The tale told through Mary’s diary is heartbreaking, and the first-person narrative is particularly effective. We see how Mary is an outcast even among outcasts, friendless in this home for unwanted girls, locking herself away in her own private sanctuary to escape the insidious, cruel attention of the house bully. Mary constructs a whole world for herself with her books and her carefully crafted puppets, but even this sanctuary ends up being violated. It’s wrenching to read of Mary’s pain, and all too easy to understand how her pain turns to anger and then to a burning need for revenge.

Meanwhile, Ella’s story is sad in its own way. Through the pictures on her walls, we come to understand that Ella’s mother has died and that she’s being raised in this new home and new town by a father who’s usually absent. No wonder Ella becomes fascinated by the spooky house she can see from her window and the mystery of the light she sees shining from the attic window.

Thornhill is a spooky, powerful, and quite definitely sad story of two girls from different times, bound together by loneliness. It’s haunting in all the right ways, and I simply loved the use of words and pictures to tell one complete story.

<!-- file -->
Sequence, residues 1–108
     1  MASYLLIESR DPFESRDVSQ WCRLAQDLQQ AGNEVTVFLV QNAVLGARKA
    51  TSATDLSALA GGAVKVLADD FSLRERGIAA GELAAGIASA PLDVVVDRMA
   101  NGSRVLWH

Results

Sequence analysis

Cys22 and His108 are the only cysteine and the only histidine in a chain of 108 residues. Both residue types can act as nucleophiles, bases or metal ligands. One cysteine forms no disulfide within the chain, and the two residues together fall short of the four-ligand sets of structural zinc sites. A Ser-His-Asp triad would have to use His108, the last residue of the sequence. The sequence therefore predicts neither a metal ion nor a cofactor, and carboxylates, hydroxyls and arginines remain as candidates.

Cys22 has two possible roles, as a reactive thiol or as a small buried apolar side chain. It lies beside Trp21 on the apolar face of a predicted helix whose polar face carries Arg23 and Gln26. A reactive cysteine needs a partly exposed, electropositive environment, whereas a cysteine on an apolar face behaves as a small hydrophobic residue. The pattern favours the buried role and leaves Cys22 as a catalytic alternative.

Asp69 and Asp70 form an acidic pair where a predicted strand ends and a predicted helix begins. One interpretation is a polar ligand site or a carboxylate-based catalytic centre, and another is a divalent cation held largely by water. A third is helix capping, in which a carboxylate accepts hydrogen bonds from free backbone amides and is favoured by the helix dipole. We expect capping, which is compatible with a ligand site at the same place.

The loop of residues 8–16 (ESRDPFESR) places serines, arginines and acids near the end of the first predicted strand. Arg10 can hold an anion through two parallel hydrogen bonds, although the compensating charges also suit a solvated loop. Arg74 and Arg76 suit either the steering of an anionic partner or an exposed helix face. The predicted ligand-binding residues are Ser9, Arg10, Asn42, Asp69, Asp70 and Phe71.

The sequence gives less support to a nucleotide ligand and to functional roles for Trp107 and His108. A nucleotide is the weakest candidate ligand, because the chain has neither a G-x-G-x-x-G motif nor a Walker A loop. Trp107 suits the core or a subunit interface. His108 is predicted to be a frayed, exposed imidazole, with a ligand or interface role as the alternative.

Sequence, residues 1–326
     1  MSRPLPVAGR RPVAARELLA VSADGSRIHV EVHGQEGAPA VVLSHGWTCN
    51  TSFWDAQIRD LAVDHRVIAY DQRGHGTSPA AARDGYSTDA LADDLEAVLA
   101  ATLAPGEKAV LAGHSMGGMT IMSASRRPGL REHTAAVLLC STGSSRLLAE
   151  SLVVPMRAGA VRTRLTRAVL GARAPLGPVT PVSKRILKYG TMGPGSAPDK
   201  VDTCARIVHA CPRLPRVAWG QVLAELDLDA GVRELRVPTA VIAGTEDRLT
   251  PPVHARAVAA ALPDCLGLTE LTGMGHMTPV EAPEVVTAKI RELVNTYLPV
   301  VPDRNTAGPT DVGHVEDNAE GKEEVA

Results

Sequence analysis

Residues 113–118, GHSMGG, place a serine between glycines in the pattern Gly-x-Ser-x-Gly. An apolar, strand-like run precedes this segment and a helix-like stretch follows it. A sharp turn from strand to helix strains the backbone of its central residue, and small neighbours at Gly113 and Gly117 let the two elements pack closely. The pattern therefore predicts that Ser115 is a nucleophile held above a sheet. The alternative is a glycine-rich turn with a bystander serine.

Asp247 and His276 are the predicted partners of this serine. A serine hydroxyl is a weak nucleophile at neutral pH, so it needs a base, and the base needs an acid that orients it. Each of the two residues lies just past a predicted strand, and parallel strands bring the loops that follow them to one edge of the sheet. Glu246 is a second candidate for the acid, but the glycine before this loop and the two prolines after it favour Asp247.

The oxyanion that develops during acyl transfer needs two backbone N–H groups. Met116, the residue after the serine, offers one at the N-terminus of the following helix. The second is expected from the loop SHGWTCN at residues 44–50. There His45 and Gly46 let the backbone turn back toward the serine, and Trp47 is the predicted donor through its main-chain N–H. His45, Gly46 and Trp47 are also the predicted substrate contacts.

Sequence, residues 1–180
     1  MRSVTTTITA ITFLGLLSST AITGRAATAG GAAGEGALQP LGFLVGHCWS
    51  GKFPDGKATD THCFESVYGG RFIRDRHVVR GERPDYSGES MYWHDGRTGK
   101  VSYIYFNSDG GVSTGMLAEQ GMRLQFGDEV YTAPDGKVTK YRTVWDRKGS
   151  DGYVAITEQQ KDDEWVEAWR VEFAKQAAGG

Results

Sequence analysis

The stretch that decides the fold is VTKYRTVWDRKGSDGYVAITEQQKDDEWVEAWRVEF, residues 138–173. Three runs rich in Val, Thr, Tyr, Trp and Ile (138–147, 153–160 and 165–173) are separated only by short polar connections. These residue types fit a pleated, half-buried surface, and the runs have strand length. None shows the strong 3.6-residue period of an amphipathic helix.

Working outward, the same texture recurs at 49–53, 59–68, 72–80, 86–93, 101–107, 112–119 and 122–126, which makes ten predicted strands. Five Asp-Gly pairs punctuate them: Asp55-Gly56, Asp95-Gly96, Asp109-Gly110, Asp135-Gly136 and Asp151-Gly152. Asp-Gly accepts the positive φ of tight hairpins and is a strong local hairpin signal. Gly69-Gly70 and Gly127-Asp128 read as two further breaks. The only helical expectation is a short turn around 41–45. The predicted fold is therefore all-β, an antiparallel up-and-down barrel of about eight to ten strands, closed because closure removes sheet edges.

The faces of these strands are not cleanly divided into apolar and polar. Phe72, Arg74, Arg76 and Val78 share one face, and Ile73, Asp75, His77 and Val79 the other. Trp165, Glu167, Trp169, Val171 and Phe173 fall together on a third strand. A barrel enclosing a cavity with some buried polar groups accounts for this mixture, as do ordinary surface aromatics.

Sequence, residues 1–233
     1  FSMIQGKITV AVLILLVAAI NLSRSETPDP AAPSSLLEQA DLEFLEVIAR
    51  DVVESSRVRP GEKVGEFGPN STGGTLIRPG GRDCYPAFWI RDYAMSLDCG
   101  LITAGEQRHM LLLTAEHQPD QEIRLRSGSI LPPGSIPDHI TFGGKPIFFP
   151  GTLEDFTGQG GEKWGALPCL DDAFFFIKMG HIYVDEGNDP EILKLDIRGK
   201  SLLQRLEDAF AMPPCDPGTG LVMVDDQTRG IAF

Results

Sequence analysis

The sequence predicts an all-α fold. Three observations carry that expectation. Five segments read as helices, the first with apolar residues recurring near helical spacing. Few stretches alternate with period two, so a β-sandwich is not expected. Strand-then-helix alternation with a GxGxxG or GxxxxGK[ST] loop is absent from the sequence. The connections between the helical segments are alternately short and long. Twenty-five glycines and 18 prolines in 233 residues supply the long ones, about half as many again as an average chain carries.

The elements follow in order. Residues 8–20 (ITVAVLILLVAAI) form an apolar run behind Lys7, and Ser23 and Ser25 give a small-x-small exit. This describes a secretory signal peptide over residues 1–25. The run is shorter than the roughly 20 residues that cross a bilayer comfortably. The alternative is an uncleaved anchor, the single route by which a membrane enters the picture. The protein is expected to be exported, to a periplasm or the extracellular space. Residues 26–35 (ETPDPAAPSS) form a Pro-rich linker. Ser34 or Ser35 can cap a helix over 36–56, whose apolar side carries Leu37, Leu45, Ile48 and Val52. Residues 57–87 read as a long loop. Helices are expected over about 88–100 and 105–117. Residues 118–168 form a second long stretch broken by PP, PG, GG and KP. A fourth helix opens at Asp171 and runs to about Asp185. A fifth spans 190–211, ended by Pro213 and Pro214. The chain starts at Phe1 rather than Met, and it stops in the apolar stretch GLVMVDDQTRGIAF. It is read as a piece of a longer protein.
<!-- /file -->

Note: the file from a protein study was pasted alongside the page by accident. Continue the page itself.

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The details:

Title: Thornhill
Author: Pam Smy
Publisher: Roaring Brook Press
Publication date: August 29, 2017
Length: 544 pages
Genre: Ghost story/illustrated/young adult
Source: Library

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Blast from the past: Rediscovering a childhood favorite

Back in October, I wrote about an odd phenomenon:

For no reason I could think of, I was suddenly plagued by lines from a childhood poem, and I just could not get them out of my brain. But even worse, I couldn’t remember what book this poem came from, and despite my best efforts online, I was not able to track down the title or the author.

I’ve thought about it on and off ever since, and tried some rare book resource websites, but to no avail. And then, the absolutely amazing Mystereity Reviews (@mystereity) tweeted to let me know that she’d found it!